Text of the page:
- Methamphetamine-induced psychosis or mania.
- Severe anxiety as a result of discontinuing benzodiazepines.
- Depression as a result of stopping stimulants.
- Korsakoff's syndrome (memory and cognitive problems) due to chronic alcohol abuse.
Substance Abuse Can Lead to Mental Illness and Vice-Versa
Mental disorders may lead to substance abuse through a number of different ways:
The opposite direction of influence is also possible. A substance abuse problem may lead to a mental disorder:
Common Underlying Factors May Contribute to a Dual Diagnosis
Certain characteristics may contribute to the simultaneous development of both substance abuse and a psychological disorder:
Genetics: Genes can create certain temperaments or dispositions that make one more (or less) likely to use drugs, or develop a mental health disorder that then facilitates the path towards drug use. Genes also affect the way a substance interacts with the brain and body.
Personality: A propensity for risk-taking and novelty-seeking are personality traits that relate to substance abuse and other mental disorders.
Brain chemistry: Dopamine is a brain chemical that is affected by both substance use and certain psychological disorders. Brain changes from one disorder may spur the development of the other.
Dual Diagnosis Has Adverse Physical Effects
The health consequences of a dual diagnosis depend on both the substance being abused and the mental disorder present. Each disorder may compound the negative effects of the other, leading to exaggerated symptoms of both. Because a person with a dual diagnosis can experience more extreme and chronic symptoms, they may be more likely to neglect personal care.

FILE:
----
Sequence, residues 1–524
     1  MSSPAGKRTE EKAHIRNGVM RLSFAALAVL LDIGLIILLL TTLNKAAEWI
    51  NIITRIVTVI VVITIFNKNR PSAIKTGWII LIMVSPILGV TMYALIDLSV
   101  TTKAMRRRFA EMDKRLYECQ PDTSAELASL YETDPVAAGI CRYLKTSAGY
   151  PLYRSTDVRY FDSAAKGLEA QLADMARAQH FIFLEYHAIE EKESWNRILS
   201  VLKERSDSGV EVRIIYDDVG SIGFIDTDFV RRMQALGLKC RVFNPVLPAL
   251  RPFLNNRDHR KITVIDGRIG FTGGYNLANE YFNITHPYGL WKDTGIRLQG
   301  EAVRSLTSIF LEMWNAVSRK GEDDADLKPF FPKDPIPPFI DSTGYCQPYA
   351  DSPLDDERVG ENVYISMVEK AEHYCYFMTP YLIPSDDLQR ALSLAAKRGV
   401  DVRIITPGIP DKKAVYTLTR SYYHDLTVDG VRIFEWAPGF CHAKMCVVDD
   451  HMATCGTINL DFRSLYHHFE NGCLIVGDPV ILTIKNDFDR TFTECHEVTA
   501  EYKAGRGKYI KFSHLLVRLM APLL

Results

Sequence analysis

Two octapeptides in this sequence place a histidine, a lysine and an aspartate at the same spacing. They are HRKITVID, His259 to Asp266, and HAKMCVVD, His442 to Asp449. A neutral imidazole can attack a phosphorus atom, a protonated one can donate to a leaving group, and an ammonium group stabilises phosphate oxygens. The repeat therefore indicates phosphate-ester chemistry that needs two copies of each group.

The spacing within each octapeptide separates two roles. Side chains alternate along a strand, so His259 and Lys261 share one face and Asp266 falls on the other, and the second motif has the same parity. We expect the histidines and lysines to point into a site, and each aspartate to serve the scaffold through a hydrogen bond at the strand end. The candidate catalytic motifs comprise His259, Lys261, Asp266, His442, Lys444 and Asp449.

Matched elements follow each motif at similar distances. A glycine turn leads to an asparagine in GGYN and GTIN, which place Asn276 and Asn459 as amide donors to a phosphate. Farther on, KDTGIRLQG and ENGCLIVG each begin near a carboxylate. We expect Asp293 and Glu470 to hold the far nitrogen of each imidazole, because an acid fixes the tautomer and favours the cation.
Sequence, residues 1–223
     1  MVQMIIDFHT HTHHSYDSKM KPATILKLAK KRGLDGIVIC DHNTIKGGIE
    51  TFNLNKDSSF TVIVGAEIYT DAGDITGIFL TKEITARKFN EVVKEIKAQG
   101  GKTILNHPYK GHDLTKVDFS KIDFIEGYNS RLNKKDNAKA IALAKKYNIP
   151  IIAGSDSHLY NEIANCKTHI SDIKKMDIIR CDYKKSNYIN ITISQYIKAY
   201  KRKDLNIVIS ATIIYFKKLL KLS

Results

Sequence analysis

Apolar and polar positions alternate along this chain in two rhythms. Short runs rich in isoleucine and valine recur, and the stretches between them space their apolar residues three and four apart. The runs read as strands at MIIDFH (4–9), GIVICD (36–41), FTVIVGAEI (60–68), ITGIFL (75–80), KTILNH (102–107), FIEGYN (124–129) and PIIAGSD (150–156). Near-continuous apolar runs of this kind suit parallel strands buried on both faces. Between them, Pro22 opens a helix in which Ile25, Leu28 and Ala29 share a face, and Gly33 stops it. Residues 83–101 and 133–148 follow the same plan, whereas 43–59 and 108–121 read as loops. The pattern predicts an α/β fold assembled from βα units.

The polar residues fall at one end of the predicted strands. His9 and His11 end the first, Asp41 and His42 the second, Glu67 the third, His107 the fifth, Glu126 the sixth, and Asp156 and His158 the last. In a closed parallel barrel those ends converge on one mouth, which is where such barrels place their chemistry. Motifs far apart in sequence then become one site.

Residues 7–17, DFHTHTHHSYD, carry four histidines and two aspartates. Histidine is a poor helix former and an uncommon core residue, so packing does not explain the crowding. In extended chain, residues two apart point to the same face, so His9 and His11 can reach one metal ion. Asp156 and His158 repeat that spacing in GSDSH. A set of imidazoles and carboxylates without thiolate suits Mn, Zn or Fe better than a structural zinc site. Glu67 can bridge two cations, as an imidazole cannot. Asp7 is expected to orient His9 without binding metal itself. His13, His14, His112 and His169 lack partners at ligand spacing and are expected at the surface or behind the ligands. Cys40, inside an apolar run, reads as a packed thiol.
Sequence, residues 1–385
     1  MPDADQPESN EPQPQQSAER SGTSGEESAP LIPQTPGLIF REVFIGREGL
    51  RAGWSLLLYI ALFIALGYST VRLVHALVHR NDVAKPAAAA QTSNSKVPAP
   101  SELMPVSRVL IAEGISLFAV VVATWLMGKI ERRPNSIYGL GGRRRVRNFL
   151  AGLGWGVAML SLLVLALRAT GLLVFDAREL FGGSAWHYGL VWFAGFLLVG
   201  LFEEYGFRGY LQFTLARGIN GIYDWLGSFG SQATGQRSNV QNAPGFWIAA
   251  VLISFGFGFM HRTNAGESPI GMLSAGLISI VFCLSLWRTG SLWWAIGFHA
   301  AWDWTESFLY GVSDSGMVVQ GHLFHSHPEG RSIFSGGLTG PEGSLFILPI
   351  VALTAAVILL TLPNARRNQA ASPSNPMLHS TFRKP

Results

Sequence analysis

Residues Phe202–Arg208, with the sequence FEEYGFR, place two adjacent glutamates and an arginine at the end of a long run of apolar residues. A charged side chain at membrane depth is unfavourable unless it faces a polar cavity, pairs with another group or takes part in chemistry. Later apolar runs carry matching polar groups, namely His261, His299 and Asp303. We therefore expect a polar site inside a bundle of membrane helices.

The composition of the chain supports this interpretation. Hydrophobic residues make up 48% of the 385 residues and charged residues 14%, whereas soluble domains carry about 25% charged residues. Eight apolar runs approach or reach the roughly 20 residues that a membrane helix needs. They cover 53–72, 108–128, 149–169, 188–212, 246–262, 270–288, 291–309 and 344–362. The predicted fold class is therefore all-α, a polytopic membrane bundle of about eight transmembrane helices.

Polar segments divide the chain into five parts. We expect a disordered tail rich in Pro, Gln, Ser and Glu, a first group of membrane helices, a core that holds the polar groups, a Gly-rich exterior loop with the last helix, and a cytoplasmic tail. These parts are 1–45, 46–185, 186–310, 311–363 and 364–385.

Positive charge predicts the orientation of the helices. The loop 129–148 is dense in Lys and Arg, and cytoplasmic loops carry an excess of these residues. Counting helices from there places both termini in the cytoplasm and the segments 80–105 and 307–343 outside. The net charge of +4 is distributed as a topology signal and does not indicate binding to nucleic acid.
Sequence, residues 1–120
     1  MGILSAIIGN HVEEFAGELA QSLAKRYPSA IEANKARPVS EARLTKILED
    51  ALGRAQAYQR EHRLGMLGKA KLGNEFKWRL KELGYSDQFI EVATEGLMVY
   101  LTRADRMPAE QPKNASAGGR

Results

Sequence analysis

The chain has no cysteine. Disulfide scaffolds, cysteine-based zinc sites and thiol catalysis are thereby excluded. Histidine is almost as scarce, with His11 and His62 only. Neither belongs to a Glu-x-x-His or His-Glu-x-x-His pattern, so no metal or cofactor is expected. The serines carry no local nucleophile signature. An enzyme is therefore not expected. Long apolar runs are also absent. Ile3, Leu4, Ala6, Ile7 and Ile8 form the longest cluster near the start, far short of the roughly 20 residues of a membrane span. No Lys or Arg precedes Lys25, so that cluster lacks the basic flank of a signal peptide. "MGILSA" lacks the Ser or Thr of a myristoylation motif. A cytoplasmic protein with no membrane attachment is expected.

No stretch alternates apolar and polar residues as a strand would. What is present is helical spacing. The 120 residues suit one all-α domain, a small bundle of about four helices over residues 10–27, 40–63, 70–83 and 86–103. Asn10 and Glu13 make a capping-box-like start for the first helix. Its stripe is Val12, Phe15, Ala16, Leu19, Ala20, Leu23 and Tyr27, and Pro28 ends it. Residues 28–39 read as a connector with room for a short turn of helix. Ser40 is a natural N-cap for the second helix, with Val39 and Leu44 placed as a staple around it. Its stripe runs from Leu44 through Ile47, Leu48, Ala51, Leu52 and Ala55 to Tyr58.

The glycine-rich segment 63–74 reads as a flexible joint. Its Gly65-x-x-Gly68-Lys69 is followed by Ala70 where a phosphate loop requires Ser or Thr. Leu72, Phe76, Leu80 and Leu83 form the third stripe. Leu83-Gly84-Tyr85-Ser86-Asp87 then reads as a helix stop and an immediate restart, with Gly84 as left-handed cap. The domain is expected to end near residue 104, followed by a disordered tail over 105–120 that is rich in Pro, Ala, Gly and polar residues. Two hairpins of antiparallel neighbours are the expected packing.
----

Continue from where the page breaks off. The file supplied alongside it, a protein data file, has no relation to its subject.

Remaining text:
Both disorders have overlapping health consequences, and a dual diagnosis of both conditions indicates that a person is at increased risk for developing various diseases. Unfortunately, many people with either or both of these disorders have less access to adequate health care services, which may also explain why these negative health consequences persist in these populations.
Dual Diagnoses Can Worsen Emotional Health
Dual Diagnosis Has Social Effects
A person diagnosed with substance abuse and another mental disorder can be particularly challenged by the social difficulties of a dual diagnosis. Because they are experiencing twice the problems of any disorder alone, relating to society and other people can be especially difficult.
Some people may distance themselves from people close to them, reducing their support network without intending to. Friends and family members of a person struggling with a dual diagnosis may find it difficult to remain close to their loved one.
Dual diagnoses are also associated with financial problems, employment problems, housing problems, and legal problems.
Unfortunately, a dual diagnosis can give way to dual stigmas if it is not well understood, leading to poorer social support. Proper treatment must address the social struggles of a dual diagnosis as well as the disorders themselves.
Dual Diagnosis Treatment is Complicated
Once a professional makes an official diagnosis, treatment can begin. Patients struggling with both a substance abuse disorder and a mental health issue tend to have symptoms that are more persistent, extreme, and resistant to treatment than either disorder alone.
These challenges can affect a dual diagnosis patient’s approach and response to treatment, making recovery more complicated.